Mendenhall Research Fellowship Program

S57. Knowledge engineering of topographic features

 

Closing Date: July 30, 2021

This Research Opportunity will be filled depending on the availability of funds. All application materials must be submitted through USAJobs by 11:59 pm, US Eastern Standard Time, on the closing date.

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The U.S. Geological Survey (USGS) is the Nation's largest natural resource and civilian mapping agency, delivering reliable and unbiassed scientific information to its customers and affiliates, aided by the National Geospatial Program (NGP) as its largest program in terms of appropriated funding. The NGP’s principal operational organization is the National Geospatial Technical Operations Center (NGTOC), which is responsible for managing The National Map and the geospatial data that populate it. The Mendenhall postdoctoral position will be a member of the NGTOC’s Center of Excellence for Geospatial Information Science (CEGIS). Approximately 5-10 researchers and support staff in the disciplines of cartography, geography, physical science, and computer science form the CEGIS section. The incumbent will focus on artificial intelligence computational methods such as machine learning and, specifically, deep learning, to increase understanding and problem-solving in the field of Geospatial Science, utilizing a high-performance computing infrastructure and geospatial semantic representation. The appointee reports directly to the CEGIS’ Terrain Analysis scientist in the CEGIS Section in the Office of Innovation at NGTOC, and will collaborate with other CEGIS scientists, NGTOC staff, academic affiliates and other government research groups.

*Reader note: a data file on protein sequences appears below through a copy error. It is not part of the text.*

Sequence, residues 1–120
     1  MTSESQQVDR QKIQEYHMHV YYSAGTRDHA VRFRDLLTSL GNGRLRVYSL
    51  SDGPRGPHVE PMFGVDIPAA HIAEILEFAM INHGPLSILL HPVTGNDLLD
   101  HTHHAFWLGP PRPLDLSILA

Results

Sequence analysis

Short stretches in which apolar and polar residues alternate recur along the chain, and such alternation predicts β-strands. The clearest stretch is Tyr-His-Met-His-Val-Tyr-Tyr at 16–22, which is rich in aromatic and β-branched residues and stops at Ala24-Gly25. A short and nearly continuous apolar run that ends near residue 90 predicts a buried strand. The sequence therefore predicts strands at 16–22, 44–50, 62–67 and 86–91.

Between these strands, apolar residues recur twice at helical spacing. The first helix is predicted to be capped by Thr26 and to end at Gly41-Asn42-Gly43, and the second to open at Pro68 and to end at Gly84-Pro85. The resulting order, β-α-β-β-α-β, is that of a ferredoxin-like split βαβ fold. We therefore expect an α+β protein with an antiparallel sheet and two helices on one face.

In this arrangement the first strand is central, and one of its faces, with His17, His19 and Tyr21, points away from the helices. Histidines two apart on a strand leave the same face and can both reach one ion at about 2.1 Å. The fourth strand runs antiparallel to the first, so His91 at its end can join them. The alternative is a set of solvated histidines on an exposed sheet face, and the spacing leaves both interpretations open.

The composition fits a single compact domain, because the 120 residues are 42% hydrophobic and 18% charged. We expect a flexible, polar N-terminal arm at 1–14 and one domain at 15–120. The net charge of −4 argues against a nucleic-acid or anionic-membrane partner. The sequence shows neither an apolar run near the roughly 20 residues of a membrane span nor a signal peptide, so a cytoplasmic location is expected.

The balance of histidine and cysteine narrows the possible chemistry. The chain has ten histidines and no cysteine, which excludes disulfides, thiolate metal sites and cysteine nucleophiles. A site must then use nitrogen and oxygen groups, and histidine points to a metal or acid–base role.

The modeling, identification, and extraction mechanisms for topographic features are in part dependent on an understanding of the creation processes (Wilson and Gallant, 2000), and in part on morphometric properties such as shape and size (Pike, 1988). Datasets supporting these mechanisms include digital elevation data from the 3D Elevation Program, the HTMC, and Geographic Names served by The National Map and images from the Department of Agriculture’s National Aerial Imagery Program. The ability to use these data as a source for extraction of terrain features to support spatial reasoning, natural language processing, topographic science modeling, and map generation, depends on a thorough understanding of both the processes which formed the features, and the everyday conceptions of the environment (Smith and Mark, 2003).   

Recent research in the core of artificial intelligence called knowledge engineering suggests a promising future for this work (Arundel et al. 2020). Knowledge engineering attempts to take on challenges and solve problems that would usually require a high level of human expertise or intervention to solve. Paired with semantic technologies, knowledge engineering enables the explicit representation of knowledge and its further processing to deduce new knowledge from implicitly hidden knowledge. Thus, we seek a Mendenhall Fellow to advance the knowledge engineering of topographic features in support of their extraction from multiple data sources for representation as a part of The National Map. The Fellow will be expected to investigate specific research topics such as:

  • Transferring learning of text recognition methodologies, such as that of the NSF Linked Map (Shbita et al. 2020) project, to topographic features.
  • Interfacing machine learning and Semantic Web technologies to create topographic knowledge bases or link to external knowledge bases (for example, LinkedGeoData).
  • Matching profile to plan view of topographic features to leverage available training data. 
  • Managing scale issues in multi-resolution object detection through machine learning.